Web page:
Faculty of Law
Department of Law and Politics
The Faculty of law traces its history back to the Meiji period, during which, in 1886, Kansai Law School was founded in Osaka as an evening school, by a group of jurists that included incumbent judges and prosecutors. These founders were all disciples of the French jurist, Dr. Gustave Boissonade de Fontarabie, one of the Meiji government's legal advisers. His instruction had emphasized the importance of disseminating the science of law, for the sake of those citizens who were as yet still unaware of how to employ the law in order to protect their own rights. With this principle in mind, the founders wished to contribute to the modernization of Japan by establishing a law school that would be conducive to the independence of the nation's judiciary, and to the protection of human rights. The philosophy of the school was to teach not merely legal practice but also the science of law with a strong emphasis on concern for social justice; and the present Faculty of Law has inherited this philosophy.
In June, 1922, the law school achieved official accreditation with university status. Thus, the infant Kansai University began as an institution comprising just two departments: those of Jurisprudence and Politics. Subsequently, in 1948, following the revision of the University Charter, it was reincorporated as a modern university formed of four faculties: those of Law, Letters, Economics and Commerce. Two years later, the Faculty of Law gained a master's course, which was followed in 1953 by a doctoral course. In 1987 the Institute of Legal Studies was established as an associated institution.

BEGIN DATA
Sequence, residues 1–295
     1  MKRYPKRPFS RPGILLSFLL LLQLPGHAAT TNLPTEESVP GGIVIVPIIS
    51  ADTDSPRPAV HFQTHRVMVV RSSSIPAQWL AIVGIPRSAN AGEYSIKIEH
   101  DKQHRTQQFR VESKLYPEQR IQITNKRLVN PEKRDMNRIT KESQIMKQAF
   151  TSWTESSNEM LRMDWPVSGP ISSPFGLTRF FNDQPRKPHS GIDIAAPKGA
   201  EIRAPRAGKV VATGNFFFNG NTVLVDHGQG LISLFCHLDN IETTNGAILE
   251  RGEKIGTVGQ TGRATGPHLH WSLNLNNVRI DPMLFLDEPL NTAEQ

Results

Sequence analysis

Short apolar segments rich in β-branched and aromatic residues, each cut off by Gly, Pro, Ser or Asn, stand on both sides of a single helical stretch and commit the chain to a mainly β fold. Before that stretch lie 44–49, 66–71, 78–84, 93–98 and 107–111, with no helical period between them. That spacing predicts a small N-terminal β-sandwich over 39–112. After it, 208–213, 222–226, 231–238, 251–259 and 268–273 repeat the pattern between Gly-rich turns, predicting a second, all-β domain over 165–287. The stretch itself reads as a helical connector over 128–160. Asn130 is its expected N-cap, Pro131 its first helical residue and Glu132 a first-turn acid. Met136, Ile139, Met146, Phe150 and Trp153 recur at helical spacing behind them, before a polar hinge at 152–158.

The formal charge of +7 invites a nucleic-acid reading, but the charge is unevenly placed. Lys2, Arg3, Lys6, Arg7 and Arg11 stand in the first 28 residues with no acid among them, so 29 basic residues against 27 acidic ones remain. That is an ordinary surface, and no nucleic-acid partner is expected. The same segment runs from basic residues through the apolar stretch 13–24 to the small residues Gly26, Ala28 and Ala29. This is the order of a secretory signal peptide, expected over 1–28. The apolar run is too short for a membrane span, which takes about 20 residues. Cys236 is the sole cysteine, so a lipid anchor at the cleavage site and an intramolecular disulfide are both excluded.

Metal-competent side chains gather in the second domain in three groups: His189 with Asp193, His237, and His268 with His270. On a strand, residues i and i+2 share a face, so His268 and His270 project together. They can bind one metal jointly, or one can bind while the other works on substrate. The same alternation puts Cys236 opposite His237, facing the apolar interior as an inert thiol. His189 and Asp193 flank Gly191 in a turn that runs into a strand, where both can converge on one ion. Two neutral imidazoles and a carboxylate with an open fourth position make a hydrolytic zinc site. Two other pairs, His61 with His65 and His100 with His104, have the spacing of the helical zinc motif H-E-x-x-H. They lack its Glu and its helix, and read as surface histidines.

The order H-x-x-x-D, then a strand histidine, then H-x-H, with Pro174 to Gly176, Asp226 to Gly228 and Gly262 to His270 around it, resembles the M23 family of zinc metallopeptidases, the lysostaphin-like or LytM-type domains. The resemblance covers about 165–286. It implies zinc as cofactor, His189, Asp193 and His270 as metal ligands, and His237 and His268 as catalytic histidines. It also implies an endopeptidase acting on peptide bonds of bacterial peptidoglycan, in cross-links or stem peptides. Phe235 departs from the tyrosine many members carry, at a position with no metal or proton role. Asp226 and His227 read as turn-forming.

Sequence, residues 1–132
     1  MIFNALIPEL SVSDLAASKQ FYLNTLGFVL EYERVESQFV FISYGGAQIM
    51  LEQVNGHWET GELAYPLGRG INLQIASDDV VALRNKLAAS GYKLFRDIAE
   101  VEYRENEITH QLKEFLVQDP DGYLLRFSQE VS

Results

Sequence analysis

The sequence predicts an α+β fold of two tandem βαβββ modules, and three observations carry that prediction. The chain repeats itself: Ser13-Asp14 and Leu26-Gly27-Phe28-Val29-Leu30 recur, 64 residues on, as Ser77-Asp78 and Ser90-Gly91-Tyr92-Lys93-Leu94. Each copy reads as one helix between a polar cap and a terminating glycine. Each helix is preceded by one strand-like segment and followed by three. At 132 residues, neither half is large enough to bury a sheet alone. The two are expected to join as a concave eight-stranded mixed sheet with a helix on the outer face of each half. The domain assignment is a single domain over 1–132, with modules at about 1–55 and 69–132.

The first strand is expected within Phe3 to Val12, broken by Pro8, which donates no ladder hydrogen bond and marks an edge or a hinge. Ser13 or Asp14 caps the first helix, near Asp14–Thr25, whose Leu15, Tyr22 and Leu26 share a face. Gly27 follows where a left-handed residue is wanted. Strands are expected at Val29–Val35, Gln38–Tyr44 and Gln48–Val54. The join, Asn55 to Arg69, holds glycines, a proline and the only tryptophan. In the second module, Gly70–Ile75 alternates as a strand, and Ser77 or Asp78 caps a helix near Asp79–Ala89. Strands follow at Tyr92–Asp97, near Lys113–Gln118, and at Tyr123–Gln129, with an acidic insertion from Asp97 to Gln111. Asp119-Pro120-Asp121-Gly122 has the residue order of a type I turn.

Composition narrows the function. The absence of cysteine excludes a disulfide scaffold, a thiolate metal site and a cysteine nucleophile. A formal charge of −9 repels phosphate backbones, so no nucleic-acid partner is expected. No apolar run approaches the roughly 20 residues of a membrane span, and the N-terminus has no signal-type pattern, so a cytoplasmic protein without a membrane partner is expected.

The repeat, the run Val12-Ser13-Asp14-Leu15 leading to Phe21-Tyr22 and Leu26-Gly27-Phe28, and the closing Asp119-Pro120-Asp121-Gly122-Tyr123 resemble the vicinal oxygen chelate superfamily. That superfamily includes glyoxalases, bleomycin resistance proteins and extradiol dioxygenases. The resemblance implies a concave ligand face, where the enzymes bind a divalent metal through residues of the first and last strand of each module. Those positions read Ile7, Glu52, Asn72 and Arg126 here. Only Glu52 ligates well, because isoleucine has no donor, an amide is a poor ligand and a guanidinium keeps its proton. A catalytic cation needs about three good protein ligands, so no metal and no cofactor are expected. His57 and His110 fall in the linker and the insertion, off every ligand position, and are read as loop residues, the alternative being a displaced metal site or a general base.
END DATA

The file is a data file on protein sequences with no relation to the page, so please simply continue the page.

The Faculty of law has the Department of law and Politics, which aims to educate all students in the learning necessary to live in a highly legalized society.
Law and Letters Building
The curriculum of the faculty covers such specialized subjects as Public Law (constitutional law, administrative law), Criminal Law(criminal law, criminal procedure, criminology), Civil Law (civil law, commercial law, corporate law, civil procedure) and Labor Laws, International Law, Legal Philosophy & History, Politics (analysis of political process, international relations, political thought).
Students are further required to take classes in liberal arts subjects (for 20 credits) and foreign languages (for 16 credits) in order to graduate. Every student must complete 130 credits, 94 of which must be in specialized subjects. Once these credits have been acquired, the student will be awarded the degree of Bachelor of Law.
The faculty of law conducts small-sized classes in which students can learn through personal contact with their professors. In the first year all students are required to take a small-sized class, namely Seminar for Introduction to Law & Politics. In that they shall learn how to study law & politics. In the second year special classes on case-law studies are held for the students aiming to be legal professionals. In the third and fourth years, particular importance is given to the students' studies conducted under the auspices of an elective seminar. All participants are expected to develop ideas of their own through writing and presenting papers, and engaging in discussion.
The alumni and alumnae of the Faculty by now number over 40,000, many of whom have benefited from the training offered by the Faculty to go on to become distinguished judges, prosecutors, and lawyers - for example, about one seventh of the practicing lawyers of the Osaka Bar Association are graduates of Kansai University. Our graduates are also active in such other fields as civil service, business, journalism, and politics.